Occupational name for a poultry farmer, from an agent derivative of Middle High German hane
Habitational name for someone from any of several places called Hahn or Hag.
Habitational name from any of various places so named, notably the city near Magdeburg and Halberstadt near Königstein in Saxony.
HAMEnglish, German, Scottish, Anglo-Saxon
Anglo-Saxon meaning the home stead, many places in England. One who came from Hamm in North-Rhine Westphalia, or one who came from Ham in Caithness Scotland's most northerly county. In Scotland this surname devires from the Norse word "Hami", meaning homestead.
HAMBERGGerman, Danish, Jewish
German, Danish, and Jewish (Ashkenazic) habitational name from any of several places named Hamberg. Jewish (Ashkenazic) variant of Hamburg
German and Jewish (Ashkenazic) habitational name for someone from any of various places named Hamberg. Jewish (Ashkenazic) variant of Hamburger
German and Jewish (Ashkenazic) habitational name from the great city and port at the mouth of the river Elbe, named with the Germanic elements ham
‘water meadow’ + burg
‘fortress’, ‘fortified town’.
From the town of Hamer in Lancashire from the old english word Hamor
combining "Rock" and "Crag". It is also used in Germany and other places in Europe, possibly meaning a maker of Hammers.
HAMMERGerman, English, Jewish
From Middle High German hamer
, Yiddish hamer
, a metonymic occupational name for a maker or user of hammers, for example in a forge, or nickname for a forceful person.
Habitational name from any of several places named Harbach.
Derived from Middle High German hart
"hard" and kopf
"head". As a surname, it was given to a hard-headed, stubborn person.
Habitational name for someone from Ober- or Unter-Harlachen, near Überlingen.
English: probably a variant spelling of Arliss
, a nickname from Middle English earles
‘earless’, probably denoting someone who was deaf rather than one literally without ears.
HARMSEDutch, Low German
The surname Harmse is derived from Harms or Harm, a Low-German / Niederdeutsch surname or name. In Plattdeutsch/Low Saxon the word sine is used as a possessive construction, hence Harmse indicates that it is the child of Harms, Harm, or Harmensze... [more]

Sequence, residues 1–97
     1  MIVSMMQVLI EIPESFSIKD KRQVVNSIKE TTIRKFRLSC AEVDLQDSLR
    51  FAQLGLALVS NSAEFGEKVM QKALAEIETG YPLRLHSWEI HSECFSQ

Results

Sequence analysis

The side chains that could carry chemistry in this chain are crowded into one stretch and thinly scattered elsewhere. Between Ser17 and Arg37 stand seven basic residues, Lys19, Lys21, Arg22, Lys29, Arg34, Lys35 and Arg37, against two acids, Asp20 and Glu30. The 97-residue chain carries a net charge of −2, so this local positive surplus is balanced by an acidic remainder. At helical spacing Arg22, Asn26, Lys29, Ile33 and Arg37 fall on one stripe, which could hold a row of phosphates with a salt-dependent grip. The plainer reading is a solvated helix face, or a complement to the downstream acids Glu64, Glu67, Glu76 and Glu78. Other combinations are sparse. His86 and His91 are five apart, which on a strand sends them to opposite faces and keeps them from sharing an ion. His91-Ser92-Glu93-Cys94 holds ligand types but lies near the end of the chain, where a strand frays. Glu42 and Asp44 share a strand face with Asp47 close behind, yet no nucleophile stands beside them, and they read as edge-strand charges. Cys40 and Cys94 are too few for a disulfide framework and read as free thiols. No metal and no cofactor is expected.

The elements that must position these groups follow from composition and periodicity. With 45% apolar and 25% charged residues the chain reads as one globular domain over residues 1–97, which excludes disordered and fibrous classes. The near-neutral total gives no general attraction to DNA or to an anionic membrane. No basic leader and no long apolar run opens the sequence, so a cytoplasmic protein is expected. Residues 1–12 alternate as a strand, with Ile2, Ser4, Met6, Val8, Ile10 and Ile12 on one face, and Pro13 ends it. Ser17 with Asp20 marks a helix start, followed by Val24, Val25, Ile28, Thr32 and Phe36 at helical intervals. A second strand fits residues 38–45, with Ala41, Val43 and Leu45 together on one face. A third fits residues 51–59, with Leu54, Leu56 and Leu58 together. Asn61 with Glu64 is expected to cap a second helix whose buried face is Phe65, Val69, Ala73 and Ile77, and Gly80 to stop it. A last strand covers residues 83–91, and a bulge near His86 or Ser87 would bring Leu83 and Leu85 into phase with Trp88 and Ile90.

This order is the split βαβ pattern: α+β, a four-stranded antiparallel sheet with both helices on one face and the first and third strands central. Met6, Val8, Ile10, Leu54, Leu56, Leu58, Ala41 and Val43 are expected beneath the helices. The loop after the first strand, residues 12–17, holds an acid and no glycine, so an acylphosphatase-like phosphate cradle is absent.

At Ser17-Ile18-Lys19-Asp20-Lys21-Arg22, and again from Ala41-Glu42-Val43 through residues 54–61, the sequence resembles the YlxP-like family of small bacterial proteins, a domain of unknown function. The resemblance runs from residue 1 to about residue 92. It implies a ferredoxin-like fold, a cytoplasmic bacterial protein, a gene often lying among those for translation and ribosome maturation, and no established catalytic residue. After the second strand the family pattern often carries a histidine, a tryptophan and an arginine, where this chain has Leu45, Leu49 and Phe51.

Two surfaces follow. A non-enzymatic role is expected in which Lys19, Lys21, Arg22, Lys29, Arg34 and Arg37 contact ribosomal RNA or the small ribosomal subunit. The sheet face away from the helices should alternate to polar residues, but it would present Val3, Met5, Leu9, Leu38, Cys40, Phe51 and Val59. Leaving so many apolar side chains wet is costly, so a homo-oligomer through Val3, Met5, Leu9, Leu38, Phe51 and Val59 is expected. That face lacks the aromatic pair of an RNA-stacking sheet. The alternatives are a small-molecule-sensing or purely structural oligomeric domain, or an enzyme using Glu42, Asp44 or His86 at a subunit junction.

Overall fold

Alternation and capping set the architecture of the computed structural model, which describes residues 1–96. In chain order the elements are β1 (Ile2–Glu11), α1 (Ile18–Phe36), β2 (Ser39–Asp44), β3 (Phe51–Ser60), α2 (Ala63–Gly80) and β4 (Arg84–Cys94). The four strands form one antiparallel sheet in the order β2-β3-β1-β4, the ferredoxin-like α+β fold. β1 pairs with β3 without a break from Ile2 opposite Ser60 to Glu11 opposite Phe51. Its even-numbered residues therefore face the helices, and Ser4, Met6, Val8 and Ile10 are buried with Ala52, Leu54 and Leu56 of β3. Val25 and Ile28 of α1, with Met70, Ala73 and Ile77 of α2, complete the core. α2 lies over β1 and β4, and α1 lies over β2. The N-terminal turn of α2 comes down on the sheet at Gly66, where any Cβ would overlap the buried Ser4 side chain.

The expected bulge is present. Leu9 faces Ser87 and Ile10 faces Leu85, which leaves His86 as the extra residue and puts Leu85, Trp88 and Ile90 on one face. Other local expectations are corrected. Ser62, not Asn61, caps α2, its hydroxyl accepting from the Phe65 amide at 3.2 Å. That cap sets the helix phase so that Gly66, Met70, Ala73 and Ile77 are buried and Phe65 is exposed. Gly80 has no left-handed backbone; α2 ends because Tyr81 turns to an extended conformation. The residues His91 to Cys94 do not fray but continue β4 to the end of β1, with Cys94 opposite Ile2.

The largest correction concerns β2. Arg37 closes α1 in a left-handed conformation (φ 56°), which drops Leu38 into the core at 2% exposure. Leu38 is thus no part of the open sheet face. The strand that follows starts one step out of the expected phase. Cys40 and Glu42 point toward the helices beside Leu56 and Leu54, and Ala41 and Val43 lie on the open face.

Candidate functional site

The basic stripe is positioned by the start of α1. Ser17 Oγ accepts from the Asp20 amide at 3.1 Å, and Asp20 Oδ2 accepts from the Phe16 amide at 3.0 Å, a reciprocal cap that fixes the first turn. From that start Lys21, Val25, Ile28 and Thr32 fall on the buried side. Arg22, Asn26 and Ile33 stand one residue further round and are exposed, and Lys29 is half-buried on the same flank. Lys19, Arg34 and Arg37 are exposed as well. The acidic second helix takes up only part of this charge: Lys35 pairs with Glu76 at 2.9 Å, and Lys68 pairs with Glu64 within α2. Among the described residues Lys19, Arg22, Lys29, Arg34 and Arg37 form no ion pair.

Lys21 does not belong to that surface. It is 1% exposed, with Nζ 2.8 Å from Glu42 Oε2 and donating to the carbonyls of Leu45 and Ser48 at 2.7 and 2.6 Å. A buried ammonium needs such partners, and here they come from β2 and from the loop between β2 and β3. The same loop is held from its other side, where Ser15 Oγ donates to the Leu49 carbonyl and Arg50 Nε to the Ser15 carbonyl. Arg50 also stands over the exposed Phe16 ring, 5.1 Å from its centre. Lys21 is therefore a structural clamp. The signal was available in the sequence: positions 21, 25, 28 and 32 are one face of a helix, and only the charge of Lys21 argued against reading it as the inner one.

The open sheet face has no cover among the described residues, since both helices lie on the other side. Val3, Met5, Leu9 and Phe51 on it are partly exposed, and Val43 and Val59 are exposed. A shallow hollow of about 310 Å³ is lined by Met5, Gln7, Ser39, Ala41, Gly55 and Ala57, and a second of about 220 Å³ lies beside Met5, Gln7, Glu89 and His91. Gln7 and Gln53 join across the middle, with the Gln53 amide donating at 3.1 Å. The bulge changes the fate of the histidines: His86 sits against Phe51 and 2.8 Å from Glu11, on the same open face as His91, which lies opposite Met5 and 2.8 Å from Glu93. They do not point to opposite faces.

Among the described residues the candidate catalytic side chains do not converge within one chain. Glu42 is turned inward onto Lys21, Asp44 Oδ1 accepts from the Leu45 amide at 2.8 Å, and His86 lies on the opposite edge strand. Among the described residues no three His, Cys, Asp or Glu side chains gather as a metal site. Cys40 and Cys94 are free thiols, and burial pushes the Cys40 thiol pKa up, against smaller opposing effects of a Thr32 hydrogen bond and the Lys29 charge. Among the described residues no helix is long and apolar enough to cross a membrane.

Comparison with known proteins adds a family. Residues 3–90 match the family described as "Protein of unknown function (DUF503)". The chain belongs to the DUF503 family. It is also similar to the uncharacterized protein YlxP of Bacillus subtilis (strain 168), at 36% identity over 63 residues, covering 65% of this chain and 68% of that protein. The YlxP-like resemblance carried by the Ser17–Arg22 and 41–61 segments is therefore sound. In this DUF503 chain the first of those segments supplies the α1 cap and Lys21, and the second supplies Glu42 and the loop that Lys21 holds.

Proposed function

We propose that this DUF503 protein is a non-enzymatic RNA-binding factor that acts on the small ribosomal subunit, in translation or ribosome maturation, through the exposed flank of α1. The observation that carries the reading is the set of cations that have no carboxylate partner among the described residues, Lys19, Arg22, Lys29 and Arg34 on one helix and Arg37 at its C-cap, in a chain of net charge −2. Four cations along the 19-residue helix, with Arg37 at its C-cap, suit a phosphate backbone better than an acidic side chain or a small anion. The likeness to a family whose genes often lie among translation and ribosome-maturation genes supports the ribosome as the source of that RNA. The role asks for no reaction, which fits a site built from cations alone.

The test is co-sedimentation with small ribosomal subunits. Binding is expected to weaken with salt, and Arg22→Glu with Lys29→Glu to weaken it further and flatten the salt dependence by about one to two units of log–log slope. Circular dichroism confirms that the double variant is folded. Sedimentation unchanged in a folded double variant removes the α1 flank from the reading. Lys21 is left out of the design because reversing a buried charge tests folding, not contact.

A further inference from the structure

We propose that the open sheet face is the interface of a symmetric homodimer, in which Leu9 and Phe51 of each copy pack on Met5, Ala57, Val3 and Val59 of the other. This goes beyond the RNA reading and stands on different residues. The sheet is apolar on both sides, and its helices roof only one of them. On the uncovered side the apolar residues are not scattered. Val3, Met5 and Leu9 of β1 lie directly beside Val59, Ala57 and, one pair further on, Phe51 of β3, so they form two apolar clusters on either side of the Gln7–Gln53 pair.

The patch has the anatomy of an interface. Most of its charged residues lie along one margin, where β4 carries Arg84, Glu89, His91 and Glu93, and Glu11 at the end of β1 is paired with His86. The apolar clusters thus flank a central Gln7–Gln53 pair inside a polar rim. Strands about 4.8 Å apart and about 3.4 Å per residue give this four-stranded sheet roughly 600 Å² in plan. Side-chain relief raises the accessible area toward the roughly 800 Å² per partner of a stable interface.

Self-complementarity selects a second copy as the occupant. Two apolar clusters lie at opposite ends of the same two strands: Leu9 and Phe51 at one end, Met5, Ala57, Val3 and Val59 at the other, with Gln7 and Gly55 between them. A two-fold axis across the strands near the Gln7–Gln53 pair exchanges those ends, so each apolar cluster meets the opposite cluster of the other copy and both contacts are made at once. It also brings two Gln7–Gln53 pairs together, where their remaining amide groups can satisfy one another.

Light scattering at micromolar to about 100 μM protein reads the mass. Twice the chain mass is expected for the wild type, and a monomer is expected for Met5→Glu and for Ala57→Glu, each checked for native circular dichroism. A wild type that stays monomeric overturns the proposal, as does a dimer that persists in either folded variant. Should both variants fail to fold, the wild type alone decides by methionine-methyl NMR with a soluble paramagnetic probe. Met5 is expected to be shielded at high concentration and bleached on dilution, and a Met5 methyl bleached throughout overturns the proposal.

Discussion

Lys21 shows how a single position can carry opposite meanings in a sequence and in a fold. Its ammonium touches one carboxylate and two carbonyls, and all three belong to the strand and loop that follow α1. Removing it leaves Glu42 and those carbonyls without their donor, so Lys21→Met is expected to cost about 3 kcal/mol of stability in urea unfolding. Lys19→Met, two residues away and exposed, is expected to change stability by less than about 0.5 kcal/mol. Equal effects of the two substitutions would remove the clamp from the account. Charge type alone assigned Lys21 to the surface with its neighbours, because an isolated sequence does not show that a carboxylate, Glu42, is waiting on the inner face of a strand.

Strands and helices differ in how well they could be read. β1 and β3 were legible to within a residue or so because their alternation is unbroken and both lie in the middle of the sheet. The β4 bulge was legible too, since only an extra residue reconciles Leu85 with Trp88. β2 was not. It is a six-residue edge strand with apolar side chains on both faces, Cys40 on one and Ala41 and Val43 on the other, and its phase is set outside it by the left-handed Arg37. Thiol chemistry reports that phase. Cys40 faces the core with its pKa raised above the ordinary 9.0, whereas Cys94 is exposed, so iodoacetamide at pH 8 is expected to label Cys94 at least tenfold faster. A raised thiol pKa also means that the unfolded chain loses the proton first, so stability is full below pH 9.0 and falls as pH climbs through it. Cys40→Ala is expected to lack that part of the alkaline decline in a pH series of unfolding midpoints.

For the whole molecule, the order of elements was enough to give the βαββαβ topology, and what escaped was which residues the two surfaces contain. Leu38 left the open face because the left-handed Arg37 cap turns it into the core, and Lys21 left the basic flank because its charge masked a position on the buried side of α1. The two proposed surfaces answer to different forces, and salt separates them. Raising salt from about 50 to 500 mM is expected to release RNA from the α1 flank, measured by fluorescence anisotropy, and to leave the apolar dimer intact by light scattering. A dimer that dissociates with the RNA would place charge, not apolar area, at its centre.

HAROLDEnglish, Norman, German
English from the Old English personal name Hereweald
, its Old Norse equivalent Haraldr
, or the Continental form Herold
introduced to Britain by the Normans. These all go back to a Germanic personal name composed of the elements heri
‘army’ + wald
‘rule’, which is attested in Europe from an early date; the Roman historian Tacitus
records a certain Cariovalda
, chief of the Germanic tribe of the Batavi, as early as the 1st century ad... [more]
Habitational name from any of the places in various parts of Germany called Hasselbach.
HÄSSLIGerman (Swiss), French (Rare)
Swiss German diminutive form of Haas
. This is a French surname via Alsace-Lorraine. A notable bearer is French footballer (soccer player) Eric Hassli (1981-).
German and Jewish (Ashkenazic): habitational name from places called Hattendorf, near Alsfeld and near Hannover. The element hatt
Derived from Middle High German houwen
"to beat" and isen
"iron". This surname denoted a smith.
Topographic and occupational name for someone who lived and worked in a great house, from Middle High German, Middle Low German hus
"house" (see House
From the Germanic personal name Huso
, a short form of a compound name composed with hus
‘house’, ‘dwelling’ as the first element.
From Middle High German hus
"house", German haus
, + the suffix -er
, denoting someone who gives shelter or protection.
Topographical name for someone who's House was near the Woods, from German "Häus" House "le" Woods
From Middle High German haus
'house' and wirt
'owner' or 'master'.
HAYEnglish, Scottish, Irish, Welsh, French, Spanish, German, Dutch, Frisian
Scottish and English: topographic name for someone who lived by an enclosure, Middle English hay(e)